Select Committee on Trade and Industry Appendices to the Minutes of Evidence


Memorandum submitted by ERF (Holdings) plc

  I refer to your letter dated 24 July and would advise that as an active member of the SMMT, we are fully aware of the responses that they have made to you.

  We at ERF are, I believe, in a somewhat unique situation in that although we are foreign owned (part of the MAN Group), we have recently made a £44 million investment in a new factory and office block in the North West, specifically Middlewich, Cheshire, without any Government assistance and with little Government interest either!

  This, against a background of an economy led by a very strong point which, according to No. 10, does not give us, as a manufacturing operating, any grief. One of the main reasons we made this investment was to protect our existing workforce which we have developed over 60 years. It is not, therefore, the lack of financial assistance that concerns us it is more the lack of interest in a commercial vehicle manufacturer which has seen fit to make an investment in a country which is fast losing its manufacturing base for the reasons that your emergency enquiry regarding BMC, Rover and the Longbridge situation highlighted.

  Obviously, our employment base is much lower but we still think it is significant and we certainly look forward to the time when the pound and Euro relationship becomes more realistic so that we can see a return on our investment.

  On the whole, we believe we are a member of the commercial vehicle industry which is seen by the Government as a necessary evil to be put down whenever possible either by taxation or unique legislation unrelated to the rest of Europe. You will be aware, I am sure, of these issues but it is very difficult for the vehicle manufacturer to have a product programme that is meaningful and cost effective if the proposed legislation is not clarified or defined in a reasonable timeframe as well as having unique parameters for the UK only.

  The last Select Committee of the Government on Transport came up with a conclusion that the haulage industry was not unfairly taxed compared to Europe and that they were in a very competitive position Unfortunately, this conclusion does not appear to be justified by their balance sheets or their ability to invest in the product which, due to the legislation, is continually more complex and, therefore, increases our costs.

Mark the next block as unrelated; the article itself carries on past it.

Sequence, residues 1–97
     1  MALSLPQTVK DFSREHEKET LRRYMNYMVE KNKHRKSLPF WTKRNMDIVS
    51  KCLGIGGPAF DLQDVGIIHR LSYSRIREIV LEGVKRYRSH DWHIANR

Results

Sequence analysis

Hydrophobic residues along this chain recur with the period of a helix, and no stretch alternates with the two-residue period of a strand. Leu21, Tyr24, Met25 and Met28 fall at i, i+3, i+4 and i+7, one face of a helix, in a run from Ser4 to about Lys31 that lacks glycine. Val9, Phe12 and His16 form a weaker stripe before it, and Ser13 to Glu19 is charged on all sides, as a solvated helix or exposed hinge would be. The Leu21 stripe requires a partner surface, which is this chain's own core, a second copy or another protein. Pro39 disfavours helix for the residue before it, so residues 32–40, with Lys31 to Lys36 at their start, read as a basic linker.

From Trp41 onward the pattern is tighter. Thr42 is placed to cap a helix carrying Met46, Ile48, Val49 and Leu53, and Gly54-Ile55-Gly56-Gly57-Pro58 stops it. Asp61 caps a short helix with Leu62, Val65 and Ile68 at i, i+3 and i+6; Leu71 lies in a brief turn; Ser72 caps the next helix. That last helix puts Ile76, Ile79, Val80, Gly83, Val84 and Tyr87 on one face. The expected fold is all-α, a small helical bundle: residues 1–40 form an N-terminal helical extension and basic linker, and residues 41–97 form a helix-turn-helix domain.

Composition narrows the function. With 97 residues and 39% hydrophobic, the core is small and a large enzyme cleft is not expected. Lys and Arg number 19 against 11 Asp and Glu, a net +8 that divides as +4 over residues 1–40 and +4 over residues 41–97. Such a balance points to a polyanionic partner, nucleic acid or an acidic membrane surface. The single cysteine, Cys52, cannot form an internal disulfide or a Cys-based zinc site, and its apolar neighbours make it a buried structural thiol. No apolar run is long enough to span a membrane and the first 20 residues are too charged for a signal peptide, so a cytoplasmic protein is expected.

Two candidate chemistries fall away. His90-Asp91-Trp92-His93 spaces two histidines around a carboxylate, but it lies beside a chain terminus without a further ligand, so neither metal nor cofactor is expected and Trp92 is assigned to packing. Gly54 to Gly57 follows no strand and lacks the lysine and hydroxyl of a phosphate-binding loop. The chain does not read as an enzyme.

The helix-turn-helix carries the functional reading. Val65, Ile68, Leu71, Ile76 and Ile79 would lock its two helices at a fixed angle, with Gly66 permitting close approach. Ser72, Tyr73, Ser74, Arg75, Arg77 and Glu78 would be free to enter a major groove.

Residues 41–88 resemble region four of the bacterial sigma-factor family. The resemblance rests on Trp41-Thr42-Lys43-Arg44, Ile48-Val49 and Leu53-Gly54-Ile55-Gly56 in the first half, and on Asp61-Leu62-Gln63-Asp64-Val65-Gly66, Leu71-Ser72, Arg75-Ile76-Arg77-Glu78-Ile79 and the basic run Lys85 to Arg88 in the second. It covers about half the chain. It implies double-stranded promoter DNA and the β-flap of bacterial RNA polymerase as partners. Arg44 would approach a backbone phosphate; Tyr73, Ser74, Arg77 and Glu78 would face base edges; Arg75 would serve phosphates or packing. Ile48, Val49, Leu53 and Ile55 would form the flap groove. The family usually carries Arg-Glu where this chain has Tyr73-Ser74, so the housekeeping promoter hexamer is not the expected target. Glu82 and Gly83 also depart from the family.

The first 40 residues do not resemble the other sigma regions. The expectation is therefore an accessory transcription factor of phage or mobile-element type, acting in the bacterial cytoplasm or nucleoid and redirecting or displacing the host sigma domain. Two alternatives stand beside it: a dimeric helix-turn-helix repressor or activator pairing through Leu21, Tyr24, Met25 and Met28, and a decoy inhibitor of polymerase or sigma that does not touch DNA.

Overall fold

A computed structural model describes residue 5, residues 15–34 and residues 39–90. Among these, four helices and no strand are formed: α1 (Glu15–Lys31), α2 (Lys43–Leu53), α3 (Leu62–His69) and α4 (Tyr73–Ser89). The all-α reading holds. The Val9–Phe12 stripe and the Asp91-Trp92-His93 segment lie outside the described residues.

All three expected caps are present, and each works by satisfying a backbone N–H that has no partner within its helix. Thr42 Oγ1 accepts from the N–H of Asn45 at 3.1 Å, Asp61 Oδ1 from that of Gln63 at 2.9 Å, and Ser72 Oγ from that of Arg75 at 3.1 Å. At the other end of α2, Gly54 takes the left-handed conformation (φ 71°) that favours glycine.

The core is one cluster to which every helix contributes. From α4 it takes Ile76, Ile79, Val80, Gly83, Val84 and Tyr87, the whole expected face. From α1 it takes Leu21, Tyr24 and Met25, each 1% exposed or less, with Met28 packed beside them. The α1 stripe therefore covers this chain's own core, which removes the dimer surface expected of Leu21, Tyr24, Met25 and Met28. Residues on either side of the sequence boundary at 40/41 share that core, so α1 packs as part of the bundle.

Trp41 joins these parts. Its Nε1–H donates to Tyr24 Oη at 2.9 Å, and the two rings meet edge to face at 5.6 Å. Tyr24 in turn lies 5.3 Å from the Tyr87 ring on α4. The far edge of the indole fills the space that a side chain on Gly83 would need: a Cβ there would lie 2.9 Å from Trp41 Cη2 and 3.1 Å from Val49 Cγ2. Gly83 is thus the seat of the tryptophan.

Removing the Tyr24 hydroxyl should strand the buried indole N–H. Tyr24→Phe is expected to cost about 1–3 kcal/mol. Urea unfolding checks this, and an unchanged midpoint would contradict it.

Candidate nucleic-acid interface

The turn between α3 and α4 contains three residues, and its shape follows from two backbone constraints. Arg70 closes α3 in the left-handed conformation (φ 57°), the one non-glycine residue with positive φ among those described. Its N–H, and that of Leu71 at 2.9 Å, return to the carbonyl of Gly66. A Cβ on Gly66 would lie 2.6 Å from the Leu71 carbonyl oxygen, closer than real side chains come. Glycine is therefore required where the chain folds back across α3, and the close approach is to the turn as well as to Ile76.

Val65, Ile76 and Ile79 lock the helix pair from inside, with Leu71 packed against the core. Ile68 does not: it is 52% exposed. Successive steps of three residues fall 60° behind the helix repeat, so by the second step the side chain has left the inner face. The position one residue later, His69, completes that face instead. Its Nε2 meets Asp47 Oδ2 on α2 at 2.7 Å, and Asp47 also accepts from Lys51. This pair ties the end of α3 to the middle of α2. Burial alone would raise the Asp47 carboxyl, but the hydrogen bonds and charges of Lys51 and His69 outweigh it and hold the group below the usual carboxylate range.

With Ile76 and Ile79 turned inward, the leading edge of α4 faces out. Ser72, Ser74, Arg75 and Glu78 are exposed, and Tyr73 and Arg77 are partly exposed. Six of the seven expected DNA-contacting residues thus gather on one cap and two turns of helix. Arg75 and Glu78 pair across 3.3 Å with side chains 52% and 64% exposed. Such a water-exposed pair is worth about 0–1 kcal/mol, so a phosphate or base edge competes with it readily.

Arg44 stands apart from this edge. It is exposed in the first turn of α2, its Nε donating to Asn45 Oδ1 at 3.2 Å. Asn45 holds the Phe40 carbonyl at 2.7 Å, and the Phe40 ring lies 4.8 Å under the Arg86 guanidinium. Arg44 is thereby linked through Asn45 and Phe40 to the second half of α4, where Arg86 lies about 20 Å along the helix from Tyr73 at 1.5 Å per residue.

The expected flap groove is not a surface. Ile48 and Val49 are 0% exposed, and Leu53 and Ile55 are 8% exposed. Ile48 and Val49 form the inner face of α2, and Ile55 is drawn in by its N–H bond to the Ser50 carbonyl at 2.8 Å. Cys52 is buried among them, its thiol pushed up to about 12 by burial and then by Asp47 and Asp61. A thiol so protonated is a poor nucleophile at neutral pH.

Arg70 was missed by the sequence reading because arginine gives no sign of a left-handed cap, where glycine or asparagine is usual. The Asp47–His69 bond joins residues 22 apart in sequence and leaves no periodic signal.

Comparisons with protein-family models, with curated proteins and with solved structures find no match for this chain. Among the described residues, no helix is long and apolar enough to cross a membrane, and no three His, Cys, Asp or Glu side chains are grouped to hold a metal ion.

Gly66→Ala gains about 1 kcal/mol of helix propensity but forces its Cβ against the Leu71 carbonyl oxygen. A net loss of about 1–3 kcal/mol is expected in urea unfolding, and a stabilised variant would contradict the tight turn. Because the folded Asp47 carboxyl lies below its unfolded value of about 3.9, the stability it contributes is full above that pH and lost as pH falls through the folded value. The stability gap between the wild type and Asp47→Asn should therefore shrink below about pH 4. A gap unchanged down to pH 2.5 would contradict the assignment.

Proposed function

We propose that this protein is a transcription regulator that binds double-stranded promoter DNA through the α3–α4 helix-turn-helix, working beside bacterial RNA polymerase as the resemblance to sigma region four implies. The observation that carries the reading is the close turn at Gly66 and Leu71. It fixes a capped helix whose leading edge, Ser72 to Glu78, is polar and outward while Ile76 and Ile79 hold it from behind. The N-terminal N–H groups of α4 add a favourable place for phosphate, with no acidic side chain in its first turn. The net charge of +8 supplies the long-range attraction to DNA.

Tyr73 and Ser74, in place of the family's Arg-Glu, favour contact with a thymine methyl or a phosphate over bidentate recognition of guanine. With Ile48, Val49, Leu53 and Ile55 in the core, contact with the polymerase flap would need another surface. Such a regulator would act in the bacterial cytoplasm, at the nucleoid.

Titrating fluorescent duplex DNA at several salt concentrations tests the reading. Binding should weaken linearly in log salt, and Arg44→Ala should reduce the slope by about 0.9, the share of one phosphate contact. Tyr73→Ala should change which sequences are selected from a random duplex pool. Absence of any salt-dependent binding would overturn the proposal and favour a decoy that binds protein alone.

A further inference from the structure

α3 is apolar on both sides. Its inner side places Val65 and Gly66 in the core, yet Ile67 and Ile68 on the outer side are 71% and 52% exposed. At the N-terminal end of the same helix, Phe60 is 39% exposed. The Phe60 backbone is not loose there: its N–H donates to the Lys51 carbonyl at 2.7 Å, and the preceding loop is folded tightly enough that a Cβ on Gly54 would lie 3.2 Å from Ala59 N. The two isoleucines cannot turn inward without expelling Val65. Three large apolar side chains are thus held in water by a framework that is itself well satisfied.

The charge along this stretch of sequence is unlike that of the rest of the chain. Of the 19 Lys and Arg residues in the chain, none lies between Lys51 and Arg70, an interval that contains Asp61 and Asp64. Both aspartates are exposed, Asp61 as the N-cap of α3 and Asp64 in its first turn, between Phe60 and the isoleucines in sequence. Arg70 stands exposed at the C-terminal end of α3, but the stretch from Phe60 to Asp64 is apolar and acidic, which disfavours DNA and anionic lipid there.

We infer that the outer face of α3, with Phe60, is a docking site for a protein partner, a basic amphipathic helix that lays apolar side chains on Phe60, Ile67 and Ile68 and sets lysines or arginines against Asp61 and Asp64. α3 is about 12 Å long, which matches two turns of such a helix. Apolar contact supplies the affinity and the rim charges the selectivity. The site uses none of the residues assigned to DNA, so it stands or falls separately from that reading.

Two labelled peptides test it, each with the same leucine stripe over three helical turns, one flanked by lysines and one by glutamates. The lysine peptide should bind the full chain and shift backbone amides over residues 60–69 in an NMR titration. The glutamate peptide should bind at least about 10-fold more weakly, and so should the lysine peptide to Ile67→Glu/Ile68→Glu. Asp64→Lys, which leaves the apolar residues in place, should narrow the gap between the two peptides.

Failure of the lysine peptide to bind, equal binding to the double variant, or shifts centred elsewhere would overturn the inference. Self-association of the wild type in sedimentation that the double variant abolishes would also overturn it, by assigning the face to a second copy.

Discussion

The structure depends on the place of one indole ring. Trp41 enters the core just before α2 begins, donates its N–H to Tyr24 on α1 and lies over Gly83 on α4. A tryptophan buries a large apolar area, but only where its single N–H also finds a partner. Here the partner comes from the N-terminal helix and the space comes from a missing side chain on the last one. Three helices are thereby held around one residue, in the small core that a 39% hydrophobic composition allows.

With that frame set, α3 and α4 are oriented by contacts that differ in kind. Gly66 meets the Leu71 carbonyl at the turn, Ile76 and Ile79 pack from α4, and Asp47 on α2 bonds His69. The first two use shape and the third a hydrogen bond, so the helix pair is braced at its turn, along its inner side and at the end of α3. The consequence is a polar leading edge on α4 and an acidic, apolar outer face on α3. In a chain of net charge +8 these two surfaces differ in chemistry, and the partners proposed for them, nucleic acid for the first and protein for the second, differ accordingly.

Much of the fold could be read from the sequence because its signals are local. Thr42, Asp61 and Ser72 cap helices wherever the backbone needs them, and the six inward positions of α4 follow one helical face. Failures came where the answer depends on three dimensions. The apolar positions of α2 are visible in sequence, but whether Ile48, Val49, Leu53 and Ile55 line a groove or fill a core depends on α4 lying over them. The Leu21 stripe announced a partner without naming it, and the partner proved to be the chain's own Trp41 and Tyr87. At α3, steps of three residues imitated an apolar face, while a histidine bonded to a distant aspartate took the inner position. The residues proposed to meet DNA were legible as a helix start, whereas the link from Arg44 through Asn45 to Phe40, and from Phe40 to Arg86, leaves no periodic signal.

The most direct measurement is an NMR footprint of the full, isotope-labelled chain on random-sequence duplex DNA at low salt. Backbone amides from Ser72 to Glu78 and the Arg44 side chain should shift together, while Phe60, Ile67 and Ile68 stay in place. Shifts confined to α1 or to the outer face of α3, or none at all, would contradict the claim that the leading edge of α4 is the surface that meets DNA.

I am sure I do not need to point out to you the need for vehicles or trucks to be on the road. Last week, I think, indicated very clearly that there is no true solution to the road haulage industry and even if we can double the freight on the railways we are unlikely to see any reduction in the growth on routed haulage requirements. What I would plead for is greater awareness, both from the manufacturing and user side of the business, more support to the UK industry since we believe that we are one of two remaining commercial vehicle manufacturers in the UK, better harmonisation of legislation within the European marketplace so that we can be truly competitive against our European neighbours and finally an admission that realistically there is no alternative to the use of the truck in our everyday life.

  We at ERF had made a major investment in alternative fuel and technology but the support that has been forthcoming from the Government in truly driving this technology forward has been spasmodic and if forever changing. This is an area where we believe an active participation in terms of taxation benefits and infrastructure support for fuels should be forthcoming from the Government in a positive form in order that these vehicles can be put into service to help the environment remembering, of course, the huge strides which have been made in diesel engine technology to ensure a clean environment.

  If I may summarise, despite our investment, the following is of major concern to us as to whether we can survive in the UK:

    1.  Strength of the pound in relation to the European Euro.

    2.  Penal tax and legislation costs in relation to the rest of Europe.

    3.  Lack of clarity and planning in the forward looking legislation.

    4.  Greater understanding from the Government of the commercial vehicle industries as opposed to car industry.

    5.  Real support for both the manufacturer and the user for alternative fuel technology.

18 September 2000

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